We finally got the break in the weather we wanted on the tides we wanted. How often does that ever happen eh? I had my Dad and good mate Dan Baker on board. We were heading wide, out to where the big nasties lived. It was an area I hadn’t visited for over 18 months. Anticipation was high, sleep the night before non-existent.
The idea I really wanted to try was running two rods. I’m a boat hog, I like a full side so I can try multiple things at once. Running one bait rod with the rapid release paternoster which I could sit in the rod holder if need be and one jigging rod. I wanted to trial the rod holder setting the hook if I was busy on the jig rod. Only time would tell.
We started the trip well with a few fish for the esky coming in on the jigs and also on the rapid release but they were hardly photo worthy. We made our way to one of the spots I had caught good reds off in the past just as the sun was making its way towards the horizon in the late afternoon. The timing just felt right.
The Humminbird Helix lit up on first inspection and I set up a drift line. I wised the crew up that everything looked mint. Dad was the first to hookup solid, prime head shakes had us calling red early. Dad swung a good red over the side and I felt that tell tale ‘empy suck’ so I fed out a bit of line. Usually this is the part where I set the rod to the sky but using circle style hooks only calls for you to take the weight and let the hook do the rest.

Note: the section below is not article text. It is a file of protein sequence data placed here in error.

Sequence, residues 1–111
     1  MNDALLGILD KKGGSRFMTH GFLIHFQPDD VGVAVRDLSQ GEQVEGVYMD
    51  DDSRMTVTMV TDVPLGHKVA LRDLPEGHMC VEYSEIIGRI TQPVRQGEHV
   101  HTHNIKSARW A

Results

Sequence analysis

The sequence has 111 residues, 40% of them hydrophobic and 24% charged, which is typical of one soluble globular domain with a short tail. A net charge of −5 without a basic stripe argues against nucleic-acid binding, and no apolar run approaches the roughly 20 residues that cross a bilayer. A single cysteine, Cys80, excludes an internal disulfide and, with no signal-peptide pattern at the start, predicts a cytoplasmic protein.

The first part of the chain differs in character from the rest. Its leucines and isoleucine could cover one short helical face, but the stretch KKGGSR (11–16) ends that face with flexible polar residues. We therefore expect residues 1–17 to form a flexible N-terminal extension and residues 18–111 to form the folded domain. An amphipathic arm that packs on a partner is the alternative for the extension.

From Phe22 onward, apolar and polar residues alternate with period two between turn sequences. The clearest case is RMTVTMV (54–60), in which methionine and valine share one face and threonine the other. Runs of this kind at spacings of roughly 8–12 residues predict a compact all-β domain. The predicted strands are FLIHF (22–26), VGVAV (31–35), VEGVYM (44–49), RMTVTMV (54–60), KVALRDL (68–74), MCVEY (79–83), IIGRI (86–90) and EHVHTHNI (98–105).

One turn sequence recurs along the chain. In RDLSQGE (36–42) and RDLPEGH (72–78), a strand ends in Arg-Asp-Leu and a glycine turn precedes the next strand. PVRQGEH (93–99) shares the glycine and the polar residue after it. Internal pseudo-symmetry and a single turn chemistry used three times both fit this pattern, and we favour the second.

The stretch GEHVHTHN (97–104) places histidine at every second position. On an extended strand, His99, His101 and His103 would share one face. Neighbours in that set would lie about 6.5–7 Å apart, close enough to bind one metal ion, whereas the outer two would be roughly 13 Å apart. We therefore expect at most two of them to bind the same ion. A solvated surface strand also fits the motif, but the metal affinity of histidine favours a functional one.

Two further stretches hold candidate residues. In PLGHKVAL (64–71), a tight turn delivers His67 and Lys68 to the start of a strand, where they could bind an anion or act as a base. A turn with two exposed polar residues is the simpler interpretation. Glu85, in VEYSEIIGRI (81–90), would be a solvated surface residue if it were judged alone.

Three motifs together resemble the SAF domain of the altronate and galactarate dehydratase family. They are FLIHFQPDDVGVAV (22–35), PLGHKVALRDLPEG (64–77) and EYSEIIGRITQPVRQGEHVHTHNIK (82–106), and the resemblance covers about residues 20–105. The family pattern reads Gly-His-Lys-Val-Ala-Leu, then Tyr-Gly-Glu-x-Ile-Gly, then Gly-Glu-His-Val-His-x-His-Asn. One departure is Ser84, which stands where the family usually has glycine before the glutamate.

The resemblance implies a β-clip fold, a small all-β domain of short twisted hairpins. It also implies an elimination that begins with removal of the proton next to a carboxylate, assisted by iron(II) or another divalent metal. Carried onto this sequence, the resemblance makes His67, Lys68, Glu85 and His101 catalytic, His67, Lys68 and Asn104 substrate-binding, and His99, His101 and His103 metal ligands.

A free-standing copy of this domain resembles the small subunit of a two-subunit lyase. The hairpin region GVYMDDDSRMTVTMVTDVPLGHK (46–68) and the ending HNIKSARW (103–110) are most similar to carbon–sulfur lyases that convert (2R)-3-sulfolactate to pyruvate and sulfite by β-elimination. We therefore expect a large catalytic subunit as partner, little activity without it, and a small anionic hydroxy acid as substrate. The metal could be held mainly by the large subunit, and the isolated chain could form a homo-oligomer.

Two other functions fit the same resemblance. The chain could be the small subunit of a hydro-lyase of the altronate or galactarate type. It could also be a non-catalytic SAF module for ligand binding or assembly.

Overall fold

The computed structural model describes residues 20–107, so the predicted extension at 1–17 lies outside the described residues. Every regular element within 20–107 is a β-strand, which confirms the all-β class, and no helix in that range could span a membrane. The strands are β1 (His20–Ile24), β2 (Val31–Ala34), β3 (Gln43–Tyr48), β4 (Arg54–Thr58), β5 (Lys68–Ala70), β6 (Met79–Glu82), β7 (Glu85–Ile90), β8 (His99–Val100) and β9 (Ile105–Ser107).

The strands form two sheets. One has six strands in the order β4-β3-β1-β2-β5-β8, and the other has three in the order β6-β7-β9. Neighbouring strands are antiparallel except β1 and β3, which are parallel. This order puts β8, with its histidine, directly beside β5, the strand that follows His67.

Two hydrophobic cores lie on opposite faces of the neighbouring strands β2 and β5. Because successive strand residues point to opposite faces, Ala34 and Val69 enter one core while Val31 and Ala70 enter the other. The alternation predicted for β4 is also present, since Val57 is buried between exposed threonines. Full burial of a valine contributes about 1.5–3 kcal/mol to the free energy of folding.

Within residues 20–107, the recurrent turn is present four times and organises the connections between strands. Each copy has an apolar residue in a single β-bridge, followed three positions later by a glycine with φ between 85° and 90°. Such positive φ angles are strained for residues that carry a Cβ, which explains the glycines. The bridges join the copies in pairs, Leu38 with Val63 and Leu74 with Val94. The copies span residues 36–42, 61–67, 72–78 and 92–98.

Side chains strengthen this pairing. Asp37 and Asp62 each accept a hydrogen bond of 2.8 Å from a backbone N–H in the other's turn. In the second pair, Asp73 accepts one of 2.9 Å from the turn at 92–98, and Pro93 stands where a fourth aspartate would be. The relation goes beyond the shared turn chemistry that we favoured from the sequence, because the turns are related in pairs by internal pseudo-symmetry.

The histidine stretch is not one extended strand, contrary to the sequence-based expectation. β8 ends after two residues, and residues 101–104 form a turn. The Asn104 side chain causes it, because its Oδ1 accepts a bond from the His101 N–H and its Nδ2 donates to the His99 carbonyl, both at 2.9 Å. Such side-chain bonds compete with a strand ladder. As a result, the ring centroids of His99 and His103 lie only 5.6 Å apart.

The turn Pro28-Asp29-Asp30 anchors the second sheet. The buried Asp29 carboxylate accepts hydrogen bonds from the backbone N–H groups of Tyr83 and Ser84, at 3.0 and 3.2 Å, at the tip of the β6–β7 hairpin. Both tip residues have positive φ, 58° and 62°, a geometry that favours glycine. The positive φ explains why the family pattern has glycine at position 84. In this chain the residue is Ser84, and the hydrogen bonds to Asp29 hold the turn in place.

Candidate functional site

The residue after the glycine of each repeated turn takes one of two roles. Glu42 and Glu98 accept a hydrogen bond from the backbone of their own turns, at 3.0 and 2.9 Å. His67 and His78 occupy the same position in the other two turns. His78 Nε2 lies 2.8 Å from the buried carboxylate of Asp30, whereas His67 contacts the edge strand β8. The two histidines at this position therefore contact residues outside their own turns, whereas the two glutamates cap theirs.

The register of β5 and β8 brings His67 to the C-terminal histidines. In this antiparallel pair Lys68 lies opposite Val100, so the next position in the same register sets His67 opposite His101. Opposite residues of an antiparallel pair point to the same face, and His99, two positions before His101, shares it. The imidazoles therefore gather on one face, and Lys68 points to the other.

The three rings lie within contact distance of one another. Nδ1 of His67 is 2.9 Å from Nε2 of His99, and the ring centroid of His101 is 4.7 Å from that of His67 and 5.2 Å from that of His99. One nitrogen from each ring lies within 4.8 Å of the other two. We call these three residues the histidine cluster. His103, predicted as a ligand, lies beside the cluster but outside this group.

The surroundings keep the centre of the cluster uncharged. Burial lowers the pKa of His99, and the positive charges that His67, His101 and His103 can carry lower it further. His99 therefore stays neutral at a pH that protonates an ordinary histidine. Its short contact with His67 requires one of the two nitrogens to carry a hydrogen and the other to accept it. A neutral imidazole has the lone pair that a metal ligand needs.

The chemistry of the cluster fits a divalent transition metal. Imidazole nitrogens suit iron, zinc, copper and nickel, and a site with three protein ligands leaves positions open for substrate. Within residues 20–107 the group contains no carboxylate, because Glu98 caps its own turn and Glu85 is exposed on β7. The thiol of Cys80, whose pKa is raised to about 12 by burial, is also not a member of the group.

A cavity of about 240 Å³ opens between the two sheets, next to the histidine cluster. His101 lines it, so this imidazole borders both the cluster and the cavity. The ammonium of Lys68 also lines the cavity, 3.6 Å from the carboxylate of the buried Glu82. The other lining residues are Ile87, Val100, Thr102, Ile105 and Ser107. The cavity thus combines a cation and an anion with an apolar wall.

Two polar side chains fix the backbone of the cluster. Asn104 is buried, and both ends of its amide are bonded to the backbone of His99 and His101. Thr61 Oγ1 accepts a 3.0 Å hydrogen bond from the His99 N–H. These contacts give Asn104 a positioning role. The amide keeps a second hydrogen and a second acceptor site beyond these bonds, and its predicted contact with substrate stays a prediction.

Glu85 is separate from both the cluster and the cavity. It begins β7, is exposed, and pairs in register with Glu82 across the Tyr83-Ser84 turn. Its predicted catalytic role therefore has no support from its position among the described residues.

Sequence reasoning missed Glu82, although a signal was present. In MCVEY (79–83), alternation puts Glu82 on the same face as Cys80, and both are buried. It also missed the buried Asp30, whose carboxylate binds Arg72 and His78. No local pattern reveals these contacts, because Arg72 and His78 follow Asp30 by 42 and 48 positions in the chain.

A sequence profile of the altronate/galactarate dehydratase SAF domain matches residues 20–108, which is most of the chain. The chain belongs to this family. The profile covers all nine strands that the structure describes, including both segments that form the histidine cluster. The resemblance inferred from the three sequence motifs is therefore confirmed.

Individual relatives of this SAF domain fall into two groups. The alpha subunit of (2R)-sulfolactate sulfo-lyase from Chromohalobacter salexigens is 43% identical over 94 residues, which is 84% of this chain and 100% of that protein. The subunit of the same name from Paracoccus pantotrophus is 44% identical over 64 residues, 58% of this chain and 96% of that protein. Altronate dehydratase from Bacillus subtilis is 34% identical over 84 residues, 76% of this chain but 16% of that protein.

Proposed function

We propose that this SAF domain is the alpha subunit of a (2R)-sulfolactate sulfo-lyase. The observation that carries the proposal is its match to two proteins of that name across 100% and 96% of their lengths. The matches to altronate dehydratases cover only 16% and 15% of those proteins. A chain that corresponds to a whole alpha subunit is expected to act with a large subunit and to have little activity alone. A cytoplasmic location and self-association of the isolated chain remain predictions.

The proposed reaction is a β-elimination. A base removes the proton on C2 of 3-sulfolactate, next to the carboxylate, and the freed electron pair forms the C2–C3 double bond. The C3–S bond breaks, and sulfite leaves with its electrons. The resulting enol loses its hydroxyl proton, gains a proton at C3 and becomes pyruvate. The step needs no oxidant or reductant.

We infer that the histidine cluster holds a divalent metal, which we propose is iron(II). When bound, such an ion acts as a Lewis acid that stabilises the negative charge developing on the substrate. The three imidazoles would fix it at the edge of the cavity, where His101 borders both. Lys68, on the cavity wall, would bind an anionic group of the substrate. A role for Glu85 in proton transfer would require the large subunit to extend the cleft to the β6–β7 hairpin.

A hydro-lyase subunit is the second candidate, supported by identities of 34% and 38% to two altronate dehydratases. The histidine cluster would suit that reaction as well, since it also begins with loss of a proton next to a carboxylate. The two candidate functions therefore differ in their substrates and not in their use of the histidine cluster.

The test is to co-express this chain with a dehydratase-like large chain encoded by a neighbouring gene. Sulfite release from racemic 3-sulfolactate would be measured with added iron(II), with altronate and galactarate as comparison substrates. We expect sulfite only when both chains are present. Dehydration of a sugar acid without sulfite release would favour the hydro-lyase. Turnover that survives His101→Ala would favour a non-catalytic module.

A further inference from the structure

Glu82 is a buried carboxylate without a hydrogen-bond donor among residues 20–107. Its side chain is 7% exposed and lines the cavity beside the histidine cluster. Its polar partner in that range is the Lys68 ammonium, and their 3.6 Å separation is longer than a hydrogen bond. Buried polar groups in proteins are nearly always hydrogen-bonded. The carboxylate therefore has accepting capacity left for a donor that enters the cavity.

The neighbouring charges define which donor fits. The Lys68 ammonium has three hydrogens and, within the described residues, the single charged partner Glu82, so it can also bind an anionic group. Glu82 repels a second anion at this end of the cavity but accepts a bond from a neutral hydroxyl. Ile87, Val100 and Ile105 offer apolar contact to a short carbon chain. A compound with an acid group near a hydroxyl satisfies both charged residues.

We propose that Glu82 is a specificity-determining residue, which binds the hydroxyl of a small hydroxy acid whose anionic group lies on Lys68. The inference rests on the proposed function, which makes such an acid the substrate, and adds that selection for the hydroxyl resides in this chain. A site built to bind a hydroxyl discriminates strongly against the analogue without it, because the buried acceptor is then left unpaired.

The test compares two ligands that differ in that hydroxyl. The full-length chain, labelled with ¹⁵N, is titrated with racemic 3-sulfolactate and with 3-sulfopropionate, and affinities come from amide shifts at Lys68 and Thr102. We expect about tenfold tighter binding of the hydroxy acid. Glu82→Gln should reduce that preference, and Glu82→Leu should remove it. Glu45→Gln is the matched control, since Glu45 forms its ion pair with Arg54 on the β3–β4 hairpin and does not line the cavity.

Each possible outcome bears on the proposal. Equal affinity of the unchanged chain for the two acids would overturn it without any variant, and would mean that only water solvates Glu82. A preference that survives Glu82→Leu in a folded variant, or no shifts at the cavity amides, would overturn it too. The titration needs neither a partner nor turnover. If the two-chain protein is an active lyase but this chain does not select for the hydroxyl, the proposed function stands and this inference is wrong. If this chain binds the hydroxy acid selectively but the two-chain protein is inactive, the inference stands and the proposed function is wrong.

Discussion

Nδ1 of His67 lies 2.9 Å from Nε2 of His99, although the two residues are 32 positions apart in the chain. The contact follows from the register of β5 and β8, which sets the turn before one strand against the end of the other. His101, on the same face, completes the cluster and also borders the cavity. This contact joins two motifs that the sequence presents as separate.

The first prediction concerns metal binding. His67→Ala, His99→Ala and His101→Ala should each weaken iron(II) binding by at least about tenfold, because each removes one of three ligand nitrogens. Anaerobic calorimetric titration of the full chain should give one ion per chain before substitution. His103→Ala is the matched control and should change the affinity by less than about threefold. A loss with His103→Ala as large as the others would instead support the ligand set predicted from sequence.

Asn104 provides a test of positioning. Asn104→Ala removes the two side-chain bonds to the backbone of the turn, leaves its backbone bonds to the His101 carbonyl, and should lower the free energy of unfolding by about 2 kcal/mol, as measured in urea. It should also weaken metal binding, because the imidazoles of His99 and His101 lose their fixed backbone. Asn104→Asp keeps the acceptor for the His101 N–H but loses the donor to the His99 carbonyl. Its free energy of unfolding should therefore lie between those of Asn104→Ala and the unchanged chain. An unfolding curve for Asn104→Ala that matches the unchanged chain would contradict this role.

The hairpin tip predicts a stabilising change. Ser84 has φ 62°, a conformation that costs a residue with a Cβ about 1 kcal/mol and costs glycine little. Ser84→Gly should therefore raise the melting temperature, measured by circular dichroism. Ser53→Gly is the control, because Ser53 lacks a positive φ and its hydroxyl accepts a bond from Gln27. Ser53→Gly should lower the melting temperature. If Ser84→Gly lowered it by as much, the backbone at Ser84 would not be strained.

I felt the recurve find home and the Venom rod slammed down hard. It was hectic from the start and it played up all the way to the surface. There’s nothing like watching a big red cut its way through the deep blue on the way to the top. Dan had the net ready and scooped it up. It was a quality red which lay on the deck next to my old mans. A great start to the trip and a red that would be hard to top. The red was pinned in the corner of the jaw and had been taken on the 9/0 with a squid head.
The rest of the trip was spent catching a range of reef species. Some school sized reds, red throat sweetlip and Maori cod just to name a few. For the entire trip I went through two rigs. The first one only got destroyed because I hooked about a six foot whaler and had to cut it off. The second rig caught many fish and was still in good shape at the end of the trip and is more than capable of being used again.
Did the idea of using the rod holder to catch fish work? You bet it did. If I had the jig rod and noticed the bait rod get a reasonable bite all I did was lean over and wind the handle to help with the hook set. Definitely a technique that I will continue to use into the future.
Since that trip I have caught up with Josh from Better Tackle to have a chat about the gear. You can tell a lot about a company by talking to one of the owners. There was so much passion about the gear in the words he spoke. A continuing drive to perfect each idea to make it better for the average angler.
The only down side to the chat is I found out like many other businesses COVID has effected their supply and demand. If you want to know more about Better Tackle than you can jump on their website at www.bettertackle.com or you can search them on Facebook. I personally think that you will hear more about Better Tackle into the future so make sure to keep an eye out.